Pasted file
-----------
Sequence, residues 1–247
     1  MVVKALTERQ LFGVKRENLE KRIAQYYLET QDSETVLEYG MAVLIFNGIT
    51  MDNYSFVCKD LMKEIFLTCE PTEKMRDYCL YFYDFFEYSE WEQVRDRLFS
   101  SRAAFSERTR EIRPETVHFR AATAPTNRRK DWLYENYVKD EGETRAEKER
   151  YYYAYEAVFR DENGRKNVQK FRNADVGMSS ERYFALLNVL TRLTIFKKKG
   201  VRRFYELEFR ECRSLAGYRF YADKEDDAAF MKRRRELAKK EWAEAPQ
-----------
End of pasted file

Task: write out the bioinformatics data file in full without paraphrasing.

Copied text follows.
Sequence, residues 1–247
     1  MVVKALTERQ LFGVKRENLE KRIAQYYLET QDSETVLEYG MAVLIFNGIT
    51  MDNYSFVCKD LMKEIFLTCE PTEKMRDYCL YFYDFFEYSE WEQVRDRLFS
   101  SRAAFSERTR EIRPETVHFR AATAPTNRRK DWLYENYVKD EGETRAEKER
   151  YYYAYEAVFR DENGRKNVQK FRNADVGMSS ERYFALLNVL TRLTIFKKKG
   201  VRRFYELEFR ECRSLAGYRF YADKEDDAAF MKRRRELAKK EWAEAPQ